Tag Archives: Gnatcatchers

July 5, 2016

The scolding and hissing of Black-tailed Gnatcatchers comes from the scrubby mesquites and the Graythorns, the bird rather uncommon from my observations on this side of las Rincones Altas.. There are lots of little notes and clicks from other small birds, a pack of Bushtits are fluffing around (they look like dustballs with bills) and many immature Black-throated Sparrows are opening green mesquite pods for the still-tender seeds. They leave the chaff on the ground like peanut hulls on a honky-tonk dance floor.

I look down into the opening at the top of that iron gate post in which the Ash-throated Flycatchers have set up home, to see if that big baby had fledged yet from its solar oven nursery. I’d certainly want to get out of there! What?? … the bird is indeed gone, but I realize what I had been looking at a week ago wasn’t a baby, but the mother–I’d forgotten about Myiarchus moustaches! This time I had a better entry of light into the shaft to see, and thought it was sweet that she hadn’t shot upwards then with bill aimed into the eye of the cyclopean monster. Curiosity could have at least blinded this cat prying into their affairs but the pair of flycatchers have got completely accustomed to our coming and going and working right there, and seem undisturbed by our being near, even this near. What I did see this time charmed to no end: three beautiful small speckled eggs, perhaps just the beginning of a clutch.

Immature Hooded Orioles enliven the mesquites and the tall grass and forbs in the north of #2 Pasture, and among them is a large “baby” cowbird (cue the villain music?) begging and seeming to be communicating with an answering adult oriole but, I don’t witness enough to be sure it was that bird who raised it.

February 10, 2014

Red dawn, the kind I think will be coming through my old window in Alamos right now at the other reach of this far-flung Sonoran Desert in Mexico. Before sunrise over Mason Pastures it is 38 degrees, by noon, 75.

The whiffling of bluebirds: so high are they that they are invisible, only their notes pass overhead, and fall all around me. Gnatcatchers wheeze in the dense mesquite twigs.

Large saffron ants, in mounds and islands three or four bodies deep, are going in and out of their cavern but not carrying anything. Do they wait along the procession route of Persephone hoping for a glimpse–surely she is returned? They’re late, the goddess is already abroad: Bob tells that he’s heard a Poorwill calling in the evening already … Cardinals are singing of Spring joyously at El Potrero, dragonflies fly there as well, the Malta Starthistle is becoming too obviously still present and their mumbled threat can be heard, “I’m gonna get you, and your little pasture too!”, and the first bat comes out in the evening over the Cowboy Caravan.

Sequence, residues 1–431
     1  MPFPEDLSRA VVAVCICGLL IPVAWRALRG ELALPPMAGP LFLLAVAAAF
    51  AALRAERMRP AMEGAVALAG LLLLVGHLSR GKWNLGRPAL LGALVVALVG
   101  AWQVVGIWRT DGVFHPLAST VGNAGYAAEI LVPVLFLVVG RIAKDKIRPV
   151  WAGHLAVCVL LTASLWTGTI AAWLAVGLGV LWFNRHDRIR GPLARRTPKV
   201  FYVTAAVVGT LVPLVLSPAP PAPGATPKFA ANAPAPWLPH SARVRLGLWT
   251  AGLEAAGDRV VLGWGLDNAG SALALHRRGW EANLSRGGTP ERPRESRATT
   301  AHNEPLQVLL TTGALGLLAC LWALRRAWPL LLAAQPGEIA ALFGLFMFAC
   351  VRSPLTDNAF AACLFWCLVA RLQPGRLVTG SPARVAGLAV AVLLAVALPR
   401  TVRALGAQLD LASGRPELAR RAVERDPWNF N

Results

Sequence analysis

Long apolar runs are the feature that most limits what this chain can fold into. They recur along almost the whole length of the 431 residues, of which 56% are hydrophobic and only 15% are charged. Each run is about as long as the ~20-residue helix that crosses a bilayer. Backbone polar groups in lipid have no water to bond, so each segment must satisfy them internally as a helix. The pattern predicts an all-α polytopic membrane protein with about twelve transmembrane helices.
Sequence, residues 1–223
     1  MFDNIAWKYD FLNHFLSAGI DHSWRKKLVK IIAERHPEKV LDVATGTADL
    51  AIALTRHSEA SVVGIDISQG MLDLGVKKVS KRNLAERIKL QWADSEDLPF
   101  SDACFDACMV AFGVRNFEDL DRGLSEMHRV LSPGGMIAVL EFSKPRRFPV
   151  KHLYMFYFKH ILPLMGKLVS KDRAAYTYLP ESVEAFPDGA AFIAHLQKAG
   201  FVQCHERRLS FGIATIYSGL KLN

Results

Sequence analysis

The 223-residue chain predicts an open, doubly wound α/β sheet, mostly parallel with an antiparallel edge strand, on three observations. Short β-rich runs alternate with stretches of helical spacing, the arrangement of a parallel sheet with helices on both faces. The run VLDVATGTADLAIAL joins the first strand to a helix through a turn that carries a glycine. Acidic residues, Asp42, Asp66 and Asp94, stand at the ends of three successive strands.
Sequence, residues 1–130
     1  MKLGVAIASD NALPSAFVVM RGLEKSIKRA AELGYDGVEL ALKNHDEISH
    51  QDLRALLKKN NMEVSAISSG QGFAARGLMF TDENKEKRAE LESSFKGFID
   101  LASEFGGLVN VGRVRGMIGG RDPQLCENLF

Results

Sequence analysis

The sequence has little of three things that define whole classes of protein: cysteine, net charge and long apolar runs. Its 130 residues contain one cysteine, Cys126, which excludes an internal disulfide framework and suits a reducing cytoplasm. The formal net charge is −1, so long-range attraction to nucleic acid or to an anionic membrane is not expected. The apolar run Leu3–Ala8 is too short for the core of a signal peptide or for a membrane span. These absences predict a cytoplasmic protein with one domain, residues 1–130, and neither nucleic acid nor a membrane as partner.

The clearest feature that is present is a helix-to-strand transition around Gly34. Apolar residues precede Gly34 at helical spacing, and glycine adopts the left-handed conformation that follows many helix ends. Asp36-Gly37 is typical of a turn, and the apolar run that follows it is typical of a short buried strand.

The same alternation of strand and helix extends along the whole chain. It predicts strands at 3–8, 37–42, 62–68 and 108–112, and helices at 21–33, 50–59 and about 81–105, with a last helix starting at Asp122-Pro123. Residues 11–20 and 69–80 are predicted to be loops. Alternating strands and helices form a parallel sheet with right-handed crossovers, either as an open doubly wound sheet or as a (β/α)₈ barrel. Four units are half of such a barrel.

April 3, 2013

While I was setting up the day’s first irrigation some odd noises drew my attention to the deepest grasses over at the north edge, to where a young javelina’s thoughts were turning to, um, love, in the Rio San Pedro spring. There were a bunch of the critters come to sip from a riser’s overflow pool, one of them an obviously attractive female, not very large, but every time he professed his love she spun 180 degrees, growled, and snapped onto his lip. He of course chuckled and crooned, made another pass, and then got whacked in the face by a handbag as she hissed at him, “Masher!” I called them Tyrone and Gladys, after the “old” couple on Laugh In. This went on for a while, even after I called out, “Madre de Dios! Go get a room!” and eventually they bowled off into the tall dried grass and tumbleweed, he still grumbling lowly, she still with an offended, “Well I never!” Their children will be lovely.

Delicately-hued, a Blue-gray Gnatcatcher along The Lane, in those still small mesquite leaves.

Four weeks after I first heard the Sonoran lullaby beloved of every desert rat–the cooing of the White-winged Dove, at El Potrero eight miles to the north–a single one now is calling from the bosque at Mason’s. They winter (sparingly) as close as Pomerene, 25 miles or so to the south, but the birds are behaving like so many others this oddly-patterned year: going north and passing Mason’s, then turning south and coming to the pastures, or, maybe the ones now appearing are newly arrived directly from points far beyond Pomerene.